“…it has to be you. Trust me. It has to be the person who is physically visible in the environment from which the teleportation is taking-place,” I lied. I wanted to see him do it. “And you won’t see these people again. R2 is not even looking—”

“—screw you—”

“screw yourself: just do it (and you’re the wanker)”. He glanced around, then furtively shoved his hand down his pants. I put my hand down my pants for good measure, since I was invisible anyway. “…just to show you how it’s done, of course.”

“Wanker… now it looks like—”

dorm-desk-and-bunkBut suddenly we were in a dormitory room on the campus of Michigan State University, sitting next to each other on the bottom bunk. A slush-laden pine tree was visible through a window.

Naturally, 19 was in the top-bunk sulking about his surgery and the complications that followed. Granted, bed was probably a good place for him: he had a severe respiratory infection. The surgical sight itself was free of infection but he was on a medication to reduce swelling at, shall we say, ‘critical junctures’. We could not see his hands but we both knew where they were.

“Be gentle with that stitch, boy,” I said playfully as we stood and looked at him.


“Dude, 30,” 26 said calmly, “have you forgotten our tendency to startle when our bedroom is invaded? Hey 19…” he said turning to him.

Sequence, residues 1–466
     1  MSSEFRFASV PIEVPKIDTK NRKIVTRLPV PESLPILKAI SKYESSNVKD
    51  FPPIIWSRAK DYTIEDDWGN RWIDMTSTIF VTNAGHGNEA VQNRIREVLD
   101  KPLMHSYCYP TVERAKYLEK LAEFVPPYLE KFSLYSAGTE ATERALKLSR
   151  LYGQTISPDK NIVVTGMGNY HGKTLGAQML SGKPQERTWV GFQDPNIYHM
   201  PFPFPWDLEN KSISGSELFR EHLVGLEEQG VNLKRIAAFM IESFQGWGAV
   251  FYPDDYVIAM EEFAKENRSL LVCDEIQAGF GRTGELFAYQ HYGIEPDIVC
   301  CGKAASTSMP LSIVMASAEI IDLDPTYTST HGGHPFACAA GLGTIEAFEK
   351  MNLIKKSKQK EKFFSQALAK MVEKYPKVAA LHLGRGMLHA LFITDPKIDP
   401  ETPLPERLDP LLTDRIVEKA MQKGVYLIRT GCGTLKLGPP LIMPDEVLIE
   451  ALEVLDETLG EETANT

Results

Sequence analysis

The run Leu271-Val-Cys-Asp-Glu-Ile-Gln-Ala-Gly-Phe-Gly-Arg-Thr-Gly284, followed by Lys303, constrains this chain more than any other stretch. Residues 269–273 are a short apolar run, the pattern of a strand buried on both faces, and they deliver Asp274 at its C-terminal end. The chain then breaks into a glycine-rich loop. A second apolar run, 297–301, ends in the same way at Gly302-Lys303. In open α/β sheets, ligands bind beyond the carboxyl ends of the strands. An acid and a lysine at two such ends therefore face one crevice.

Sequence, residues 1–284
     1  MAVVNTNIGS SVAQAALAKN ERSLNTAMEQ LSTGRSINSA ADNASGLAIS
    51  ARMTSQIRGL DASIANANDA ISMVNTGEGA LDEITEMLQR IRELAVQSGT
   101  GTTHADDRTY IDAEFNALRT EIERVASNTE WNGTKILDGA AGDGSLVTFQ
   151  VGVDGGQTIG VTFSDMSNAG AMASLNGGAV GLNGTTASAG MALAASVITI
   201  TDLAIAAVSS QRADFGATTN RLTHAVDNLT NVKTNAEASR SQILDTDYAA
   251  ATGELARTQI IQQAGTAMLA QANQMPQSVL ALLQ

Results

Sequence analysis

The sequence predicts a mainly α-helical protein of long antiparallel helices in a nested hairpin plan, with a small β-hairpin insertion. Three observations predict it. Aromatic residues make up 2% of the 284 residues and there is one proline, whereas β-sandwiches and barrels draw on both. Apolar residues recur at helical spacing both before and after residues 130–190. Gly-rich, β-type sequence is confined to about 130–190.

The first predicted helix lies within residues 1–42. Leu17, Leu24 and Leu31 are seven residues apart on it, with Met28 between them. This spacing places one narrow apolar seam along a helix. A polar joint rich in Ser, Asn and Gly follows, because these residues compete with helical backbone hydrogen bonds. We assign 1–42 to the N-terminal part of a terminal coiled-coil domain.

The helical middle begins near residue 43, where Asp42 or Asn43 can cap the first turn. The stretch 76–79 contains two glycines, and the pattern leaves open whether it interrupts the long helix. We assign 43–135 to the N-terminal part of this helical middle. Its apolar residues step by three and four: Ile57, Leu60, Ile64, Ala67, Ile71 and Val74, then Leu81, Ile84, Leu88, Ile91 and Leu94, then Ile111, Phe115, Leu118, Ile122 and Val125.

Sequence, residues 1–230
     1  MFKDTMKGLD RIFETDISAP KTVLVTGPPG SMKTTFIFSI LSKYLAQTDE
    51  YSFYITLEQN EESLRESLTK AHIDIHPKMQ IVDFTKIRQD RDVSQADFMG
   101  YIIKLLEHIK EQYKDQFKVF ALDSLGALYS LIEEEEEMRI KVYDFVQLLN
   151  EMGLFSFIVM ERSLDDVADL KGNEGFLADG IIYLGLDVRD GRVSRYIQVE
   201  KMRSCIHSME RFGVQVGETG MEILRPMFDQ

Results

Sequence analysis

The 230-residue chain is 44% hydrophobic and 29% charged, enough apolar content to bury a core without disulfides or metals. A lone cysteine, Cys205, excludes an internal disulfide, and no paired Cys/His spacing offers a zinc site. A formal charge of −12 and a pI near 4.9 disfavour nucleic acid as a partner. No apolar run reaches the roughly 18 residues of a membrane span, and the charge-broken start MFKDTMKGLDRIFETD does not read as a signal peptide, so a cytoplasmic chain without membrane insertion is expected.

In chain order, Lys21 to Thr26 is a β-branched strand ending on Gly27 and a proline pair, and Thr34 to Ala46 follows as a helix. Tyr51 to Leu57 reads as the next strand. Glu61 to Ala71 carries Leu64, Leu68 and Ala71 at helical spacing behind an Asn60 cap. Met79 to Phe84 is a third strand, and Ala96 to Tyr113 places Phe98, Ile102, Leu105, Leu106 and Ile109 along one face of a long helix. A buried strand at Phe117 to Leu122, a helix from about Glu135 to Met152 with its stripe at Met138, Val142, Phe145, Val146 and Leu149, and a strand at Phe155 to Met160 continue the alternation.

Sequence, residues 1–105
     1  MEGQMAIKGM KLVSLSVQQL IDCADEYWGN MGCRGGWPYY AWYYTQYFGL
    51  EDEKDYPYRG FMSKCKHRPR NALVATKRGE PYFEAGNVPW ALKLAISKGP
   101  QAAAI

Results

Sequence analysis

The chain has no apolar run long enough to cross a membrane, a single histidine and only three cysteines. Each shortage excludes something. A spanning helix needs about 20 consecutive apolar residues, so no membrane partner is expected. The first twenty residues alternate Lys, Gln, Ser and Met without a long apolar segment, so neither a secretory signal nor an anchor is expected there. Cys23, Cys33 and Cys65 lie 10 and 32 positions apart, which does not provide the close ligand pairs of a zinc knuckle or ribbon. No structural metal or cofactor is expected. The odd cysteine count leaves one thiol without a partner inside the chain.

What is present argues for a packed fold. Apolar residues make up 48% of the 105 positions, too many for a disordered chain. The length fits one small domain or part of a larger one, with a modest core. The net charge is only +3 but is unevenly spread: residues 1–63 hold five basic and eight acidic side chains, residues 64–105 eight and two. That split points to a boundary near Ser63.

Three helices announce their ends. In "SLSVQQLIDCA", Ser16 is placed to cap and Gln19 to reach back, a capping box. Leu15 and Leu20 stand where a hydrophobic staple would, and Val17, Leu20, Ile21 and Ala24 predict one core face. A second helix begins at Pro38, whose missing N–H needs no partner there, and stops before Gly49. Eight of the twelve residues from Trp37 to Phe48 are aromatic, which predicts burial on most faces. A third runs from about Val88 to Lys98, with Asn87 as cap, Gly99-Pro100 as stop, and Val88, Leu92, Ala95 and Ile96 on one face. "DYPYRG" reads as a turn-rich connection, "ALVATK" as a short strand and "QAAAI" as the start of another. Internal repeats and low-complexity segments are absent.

[”We got nothing in common…” I crooned]

“We are the 30 year old and 26 year old versions of yourself, here to ‘rescue you’…”

[”No we can’t talk at all…”]

“This is part of an exercise in self-compassion and rescue…”

[”PLEASE TAKE ME ALONG— don’t either of you remember that Steely Dan song?”]

“…we are here to rescue you — older, wiser — to lift your ass from bed—”

“Whoa,” I said, “this is overwhelming. He has not said anything. Aren’t you overwhelmed?”

“It just figures,” said 19, closing his eyes and starting to cry, “that I would be psychotic in addition to everything else.”

“It’s going to be okay,” said 26 reassuringly. “We’re going to get you THE FUCK OUT OF HERE. So get dressed…”

“…whoa. What is the hurry?” I protested. “As a matter of fact, I am cold. I came here straight from… a place.” I balked. Neither of us wanted to explain to 19 how he came to leave his home state. “Can I crawl into bed with you? That guy over there is dressed for—umm…”

“MICHIGAN. See? I’m wearing a scarf.” He fumbled his kefia tassels awkwardly. I was still wearing my American University t-shirt.

“Forget what we’re wearing,” I said. As I sprung into the top-bunk, 19 recoiled and turned his front-side toward the wall. “We came here to talk to you. Maybe not so much to ‘rescue’ you; maybe that was not the right word.”